Time for an Otis update readers!
Once Matt had gone back to Wales I could turn my entire attention to bringing Otis back into work. But I had forgotten about the Easter holidays. So for weeks nine and ten I continued hacking him, building in the trots but the ground was rock solid so although I’d had a couple of canters out, I couldn’t do much. If I’m honest, the holidays wore me out too so I was less inclined to up Otis’s workload.
On Easter Monday my friend and I boxed over to a BHS hacking route. It was Otis’s first journey in ten months, so obviously he worked up a sweat travelling. We rode for ninety minutes, with two longish trots and he felt great. It was so nice to get out and about, and see different countryside.
So I was feeling positive. I started making plans for increasing Otis’s workload. Then we had some rain, and last week I started taking him to The Avenue. It’s a long wide verge, so I could go up and down a few times in trot and canter. Otis felt pretty good; the trot was even and a good stride, and once he’d stopped racing the traffic, the canter felt nice and active. Over the two days, Otis worked fairly hard. Yet he seemed to be coping so I was happy with the step up in work.
The next day (Friday) he had the farrier, and seemed uncomfortable when he was being shod behind. Uncomfortable enough for the farrier to comment on it; I was very concerned but since then I’ve kept a close eye on him when I’ve picked out his feet and I think he was either a bit cold and stiff (the farrier arrived at 7am) or he was achey from two days of harder exercise.
On Saturday I was shocked to find that Otis seemed to have exploded in weight, and his crest was quite hard. He’s never had laminitis, or even been close to it, but I think his reduced work load has just given him a good covering. I’ve heard of a lot of laminitis cases last week because of the frosty mornings and sugary, spring grass. I took him to the Avenue again, and gave him a bit of a work out, enjoying how keen he felt. Then I halved his hard feed and restricted his paddock. I don’t feel he needs starving to stop the risk of laminitis, but I need to curtail the weight gain. On Sunday his crest was softer, and we did a similar hack, with more hill work and less trot and canter. Otis seemed quite happy on our rides, and is definitely getting fitter.
Monday was D-Day. We were going into the school for the first time. I had my cameraman there so I have visual evidence to compare to at a later date. The first trot was horrendous. My heart plummeted. But I had a couple more trots and a canter, to see if he loosened up. And he did. The right rein felt fine, but there was a definitive nod on left turns.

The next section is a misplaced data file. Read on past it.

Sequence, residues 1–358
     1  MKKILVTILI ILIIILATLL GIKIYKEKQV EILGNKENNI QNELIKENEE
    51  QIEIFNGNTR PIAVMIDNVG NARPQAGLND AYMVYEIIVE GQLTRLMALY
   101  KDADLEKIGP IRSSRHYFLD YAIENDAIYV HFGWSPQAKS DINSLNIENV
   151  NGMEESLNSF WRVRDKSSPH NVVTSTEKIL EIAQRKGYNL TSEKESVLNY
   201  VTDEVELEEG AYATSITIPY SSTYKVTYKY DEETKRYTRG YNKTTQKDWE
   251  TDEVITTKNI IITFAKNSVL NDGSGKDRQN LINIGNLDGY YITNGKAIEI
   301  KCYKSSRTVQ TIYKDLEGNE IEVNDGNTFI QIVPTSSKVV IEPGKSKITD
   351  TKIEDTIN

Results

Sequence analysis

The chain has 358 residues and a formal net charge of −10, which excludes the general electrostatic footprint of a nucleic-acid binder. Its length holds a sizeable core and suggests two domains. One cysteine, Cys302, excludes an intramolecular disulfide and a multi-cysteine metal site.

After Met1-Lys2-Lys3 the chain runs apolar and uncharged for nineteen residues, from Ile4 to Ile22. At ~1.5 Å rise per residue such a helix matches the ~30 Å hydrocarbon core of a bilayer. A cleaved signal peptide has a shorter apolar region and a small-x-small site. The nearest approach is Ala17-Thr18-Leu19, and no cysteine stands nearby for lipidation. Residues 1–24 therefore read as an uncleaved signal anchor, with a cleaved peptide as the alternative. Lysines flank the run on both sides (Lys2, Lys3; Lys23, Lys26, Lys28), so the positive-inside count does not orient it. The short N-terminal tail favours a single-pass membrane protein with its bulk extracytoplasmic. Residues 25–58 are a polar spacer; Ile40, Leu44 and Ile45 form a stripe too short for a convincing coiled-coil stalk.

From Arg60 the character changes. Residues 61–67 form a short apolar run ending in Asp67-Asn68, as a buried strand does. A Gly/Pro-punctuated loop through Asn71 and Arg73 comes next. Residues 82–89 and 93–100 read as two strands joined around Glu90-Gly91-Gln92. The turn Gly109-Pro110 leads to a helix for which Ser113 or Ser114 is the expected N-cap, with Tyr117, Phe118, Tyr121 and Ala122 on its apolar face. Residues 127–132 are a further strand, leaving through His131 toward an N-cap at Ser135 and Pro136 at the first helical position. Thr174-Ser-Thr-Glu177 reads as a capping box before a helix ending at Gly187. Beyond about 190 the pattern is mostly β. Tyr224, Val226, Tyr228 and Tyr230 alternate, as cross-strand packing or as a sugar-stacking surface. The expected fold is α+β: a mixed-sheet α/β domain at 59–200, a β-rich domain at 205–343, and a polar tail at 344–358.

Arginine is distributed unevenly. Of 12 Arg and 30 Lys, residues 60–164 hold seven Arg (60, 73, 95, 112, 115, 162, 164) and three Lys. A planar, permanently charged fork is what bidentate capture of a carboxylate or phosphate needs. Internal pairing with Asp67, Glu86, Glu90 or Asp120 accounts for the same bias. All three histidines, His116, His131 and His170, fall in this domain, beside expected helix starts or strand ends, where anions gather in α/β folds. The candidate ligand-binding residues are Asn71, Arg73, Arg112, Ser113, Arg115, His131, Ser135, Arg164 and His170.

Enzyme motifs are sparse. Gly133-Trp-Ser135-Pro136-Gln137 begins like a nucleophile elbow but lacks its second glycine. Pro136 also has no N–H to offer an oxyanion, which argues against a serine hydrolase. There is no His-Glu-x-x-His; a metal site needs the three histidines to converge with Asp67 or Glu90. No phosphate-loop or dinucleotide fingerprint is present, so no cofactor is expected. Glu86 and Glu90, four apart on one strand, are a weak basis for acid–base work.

Afterwards, I watched the videos back and Otis looks better than he felt. I also realised that it was his third day of work, so there may be muscle fatigue to hinder him, or he found the dry, deep arena hard to work in after the bridle ways. I felt marginally better about it.
Tuesday was his day of rest, and then this morning (Wednesday) I took him into the arena in the lunge. My original plan was to hack today, but I had less time than tomorrow morning so I thought it would be easier to see him moving without my weight.
I’m gutted. He looked awful on the left rein, marginally better on the right. And he didn’t seem to loosen up and work through it. I could’ve cried.
The canter looked fine and he looked more comfortable than when trotting. To finish, I had a play with some raised poles as per his physio instructions to help flex his pelvis and hips.
Since this morning I’ve rewatched and analysed the videos of Otis being ridden and on the lunge. His length of stride isn’t huge, but it seems pretty consistent. He seems to be nodding his head when he has an incorrect bend – could this be some sort of bridle lameness? It also looks like he’s tight in the shoulder.
Tomorrow I’m going to take him for a hack and see what I think of the trot in the woods – has it deteriorated since last week? Then if he feels okay I could trot him around the school a couple of times to compare to Monday.
I’ve ordered his feed supplement again. We ran out last week so I thought I’d leave it a week and see if there was a difference in him. Then I’d know if it was benefiting Otis. So I’ll see how that goes.
I wonder if he’s carrying too much weight, which could be exacerbating the limp. Which puts me in a difficult position – increase workload without damaging him further. I’ll back off the work and go back to walking and hill work, until the supplement will have kicked in, and then assess him again. If he’s still not right then I’ll run a Bute trial to see if it’s pain related or mechanical. Based on this, I may get a second vet opinion.
His saddle has started to slip right, so the saddler is coming in a couple of weeks time. The effect of my weight being shifted right could prevent him getting left bend, so causing him to nod at the corners.
It’s also important to remember that Otis is lacking the schooling muscles, so will be finding it harder to ride turns, which will affect the quality of his gaits.
So it’s not great news, I’m in another predicament and have more research to do. Why, Otis, can’t you just tell me where it hurts?!